Fairhurst-Green was a stern and prolonged fight resulting in an ending in which Fairhurst exploited the two Bishops ” with consummate mastery. After 52 moves the game was adjudicated a win for White by Znosko-Borovsky, the official adjudicator.

Mills-Aitken was another disappointment for the Australian team. In trying to maintain a shaky advanced Q P, Aitken lost the exchange in a doubtful position. He, however, held on stubbornly and again the Australian missed his way in the ensuing complications and found himself in a mating net. Full credit is due to the Scottish master for not losing his morale as well as the exchange.

Abrahams-Klass completes the tale of Australian misfortunes. One would think that the position in Diagram 5 is lost for White, yet Abrahams managed to wriggle out of his difficulties and to come within sight of a win. At one time both sides had a lost game. All things considered, not a game worthy of the occasion.

Karoly-Newman was a good game in which Newman secured a distinct advantage. With good judgment Karoly forced the exchange of the major pieces which left Bishops of opposite colours and Newman could not exploit his advantage.

On the whole, and the result notwithstanding, the Australians gave a good account of themselves and, with more experience, will no doubt improve on their performance in the future.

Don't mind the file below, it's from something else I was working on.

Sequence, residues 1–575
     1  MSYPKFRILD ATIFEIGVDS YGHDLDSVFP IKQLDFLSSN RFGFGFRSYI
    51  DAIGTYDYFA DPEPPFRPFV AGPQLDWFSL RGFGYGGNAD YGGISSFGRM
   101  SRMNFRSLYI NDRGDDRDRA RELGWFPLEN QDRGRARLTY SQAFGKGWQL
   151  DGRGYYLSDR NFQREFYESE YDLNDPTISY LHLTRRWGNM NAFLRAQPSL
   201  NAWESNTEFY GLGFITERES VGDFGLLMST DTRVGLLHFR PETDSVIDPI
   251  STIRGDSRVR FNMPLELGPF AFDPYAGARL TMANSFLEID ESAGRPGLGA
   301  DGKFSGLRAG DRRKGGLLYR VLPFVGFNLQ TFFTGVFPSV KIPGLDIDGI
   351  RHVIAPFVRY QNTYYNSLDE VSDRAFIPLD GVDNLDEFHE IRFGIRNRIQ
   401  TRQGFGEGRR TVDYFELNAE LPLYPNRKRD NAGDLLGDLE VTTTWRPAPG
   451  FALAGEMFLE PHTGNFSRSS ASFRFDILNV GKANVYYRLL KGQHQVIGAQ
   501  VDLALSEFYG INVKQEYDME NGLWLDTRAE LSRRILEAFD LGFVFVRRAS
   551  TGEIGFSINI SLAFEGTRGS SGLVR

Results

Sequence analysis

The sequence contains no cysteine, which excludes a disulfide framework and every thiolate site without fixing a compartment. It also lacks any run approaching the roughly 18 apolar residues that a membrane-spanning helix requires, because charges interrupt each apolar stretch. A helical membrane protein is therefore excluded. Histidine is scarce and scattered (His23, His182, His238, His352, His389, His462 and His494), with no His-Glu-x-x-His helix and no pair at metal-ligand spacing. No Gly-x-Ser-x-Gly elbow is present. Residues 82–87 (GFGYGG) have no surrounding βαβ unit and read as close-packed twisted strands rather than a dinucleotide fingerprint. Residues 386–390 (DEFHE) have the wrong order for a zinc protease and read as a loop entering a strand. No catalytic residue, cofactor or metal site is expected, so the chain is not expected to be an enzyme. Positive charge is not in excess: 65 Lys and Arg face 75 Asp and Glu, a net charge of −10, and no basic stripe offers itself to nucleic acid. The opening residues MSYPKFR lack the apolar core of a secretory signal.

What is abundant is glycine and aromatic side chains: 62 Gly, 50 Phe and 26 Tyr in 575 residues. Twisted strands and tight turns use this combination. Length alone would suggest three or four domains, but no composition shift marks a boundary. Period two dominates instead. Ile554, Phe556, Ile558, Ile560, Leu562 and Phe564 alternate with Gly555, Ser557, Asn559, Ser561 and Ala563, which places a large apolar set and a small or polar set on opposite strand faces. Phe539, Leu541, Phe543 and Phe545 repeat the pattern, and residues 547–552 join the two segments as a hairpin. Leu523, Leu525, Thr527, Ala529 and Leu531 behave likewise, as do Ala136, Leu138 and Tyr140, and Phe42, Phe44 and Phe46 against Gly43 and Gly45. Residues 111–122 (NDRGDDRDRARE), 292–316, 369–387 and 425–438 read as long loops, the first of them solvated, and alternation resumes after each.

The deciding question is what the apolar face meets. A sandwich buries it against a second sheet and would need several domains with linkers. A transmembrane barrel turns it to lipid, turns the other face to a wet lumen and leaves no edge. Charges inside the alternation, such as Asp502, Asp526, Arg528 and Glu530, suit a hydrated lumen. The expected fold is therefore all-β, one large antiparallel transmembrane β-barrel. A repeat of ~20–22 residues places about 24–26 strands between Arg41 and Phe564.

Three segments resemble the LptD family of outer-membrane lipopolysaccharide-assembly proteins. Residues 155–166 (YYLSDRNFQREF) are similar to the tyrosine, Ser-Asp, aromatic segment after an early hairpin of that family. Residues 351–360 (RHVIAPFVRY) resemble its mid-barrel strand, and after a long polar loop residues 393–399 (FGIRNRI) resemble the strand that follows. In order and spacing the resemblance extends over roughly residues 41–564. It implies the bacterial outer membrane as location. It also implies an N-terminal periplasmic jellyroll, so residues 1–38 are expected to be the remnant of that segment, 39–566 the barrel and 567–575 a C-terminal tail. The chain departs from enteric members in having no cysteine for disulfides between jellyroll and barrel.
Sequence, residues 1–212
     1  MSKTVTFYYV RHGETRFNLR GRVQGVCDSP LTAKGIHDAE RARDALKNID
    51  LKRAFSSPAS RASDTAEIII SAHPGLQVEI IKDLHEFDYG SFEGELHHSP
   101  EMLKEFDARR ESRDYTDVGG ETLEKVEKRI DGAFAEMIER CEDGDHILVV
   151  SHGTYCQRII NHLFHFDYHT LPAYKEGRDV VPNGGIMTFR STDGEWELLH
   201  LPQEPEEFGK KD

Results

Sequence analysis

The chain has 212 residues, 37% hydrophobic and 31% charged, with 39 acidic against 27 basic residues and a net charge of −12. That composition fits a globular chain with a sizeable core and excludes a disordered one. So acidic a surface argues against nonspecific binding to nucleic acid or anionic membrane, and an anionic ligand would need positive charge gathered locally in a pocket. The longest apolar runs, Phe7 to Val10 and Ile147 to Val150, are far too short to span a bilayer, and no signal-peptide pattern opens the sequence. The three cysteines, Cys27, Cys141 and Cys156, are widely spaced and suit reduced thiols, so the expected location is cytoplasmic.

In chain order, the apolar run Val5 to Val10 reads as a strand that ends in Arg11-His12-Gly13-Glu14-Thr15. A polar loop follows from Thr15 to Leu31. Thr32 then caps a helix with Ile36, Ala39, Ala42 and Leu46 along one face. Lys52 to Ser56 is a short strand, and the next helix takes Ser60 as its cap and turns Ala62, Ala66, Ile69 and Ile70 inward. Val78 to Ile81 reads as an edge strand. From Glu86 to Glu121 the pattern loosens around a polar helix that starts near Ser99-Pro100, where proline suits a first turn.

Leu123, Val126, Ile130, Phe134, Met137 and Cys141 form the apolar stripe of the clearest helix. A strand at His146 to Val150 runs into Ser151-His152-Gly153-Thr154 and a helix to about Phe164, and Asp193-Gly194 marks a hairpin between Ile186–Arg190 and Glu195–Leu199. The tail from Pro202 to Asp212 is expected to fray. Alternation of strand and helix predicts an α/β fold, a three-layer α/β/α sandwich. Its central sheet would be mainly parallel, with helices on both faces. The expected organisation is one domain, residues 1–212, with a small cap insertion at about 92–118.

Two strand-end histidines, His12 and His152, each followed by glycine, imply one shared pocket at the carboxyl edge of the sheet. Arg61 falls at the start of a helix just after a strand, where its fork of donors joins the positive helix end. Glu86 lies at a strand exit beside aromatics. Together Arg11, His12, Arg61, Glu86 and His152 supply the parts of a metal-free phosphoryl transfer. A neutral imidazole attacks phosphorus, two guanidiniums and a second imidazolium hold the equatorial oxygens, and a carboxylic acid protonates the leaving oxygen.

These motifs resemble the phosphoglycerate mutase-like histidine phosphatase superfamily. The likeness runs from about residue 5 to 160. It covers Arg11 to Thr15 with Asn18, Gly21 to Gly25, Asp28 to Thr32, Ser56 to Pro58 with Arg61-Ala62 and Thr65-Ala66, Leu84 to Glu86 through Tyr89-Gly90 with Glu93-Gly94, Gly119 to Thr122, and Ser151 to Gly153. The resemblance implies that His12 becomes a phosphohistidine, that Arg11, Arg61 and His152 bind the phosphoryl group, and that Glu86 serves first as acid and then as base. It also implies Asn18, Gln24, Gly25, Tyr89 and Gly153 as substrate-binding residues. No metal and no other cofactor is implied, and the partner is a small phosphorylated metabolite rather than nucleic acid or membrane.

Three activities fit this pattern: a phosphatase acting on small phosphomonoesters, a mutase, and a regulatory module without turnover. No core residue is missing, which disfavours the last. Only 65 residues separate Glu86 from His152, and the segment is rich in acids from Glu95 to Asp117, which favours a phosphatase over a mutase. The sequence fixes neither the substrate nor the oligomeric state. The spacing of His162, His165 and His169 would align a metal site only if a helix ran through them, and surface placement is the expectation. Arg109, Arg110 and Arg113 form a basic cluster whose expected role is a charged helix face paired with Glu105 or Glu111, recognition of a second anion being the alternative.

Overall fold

One failing we noticed in several of the games, namely an urge with every move to be up and doing, whatever the position, as if each and every move had to be a sledgehammer blow. As old stagers know very well, it very often is better to let the position fight for you and not to divulge plans before the time is ripe. The gentle waiting move often is a very potent weapon.

The arrangements for the match were all that could be desired. Ropes separated the players from the public who had a clear and uninterrupted view of each board. Inside the ropes there was ample space for players, officials, and the chess press.

May we humbly suggest that, after roping off the player, it seems ludicrous to allow all and sundry within the playing area. A little bit of Zubarev1 would not have come amiss.

1 a reference to the Soviet match official who was complimented on page 361 of the same issue for his firm handling of the 1947 GB v USSR match.

File Updated

Date Notes
18 July 2000 First uploaded as a zipped PGN file.
19 June 2022 Table added, some forenames added or amended.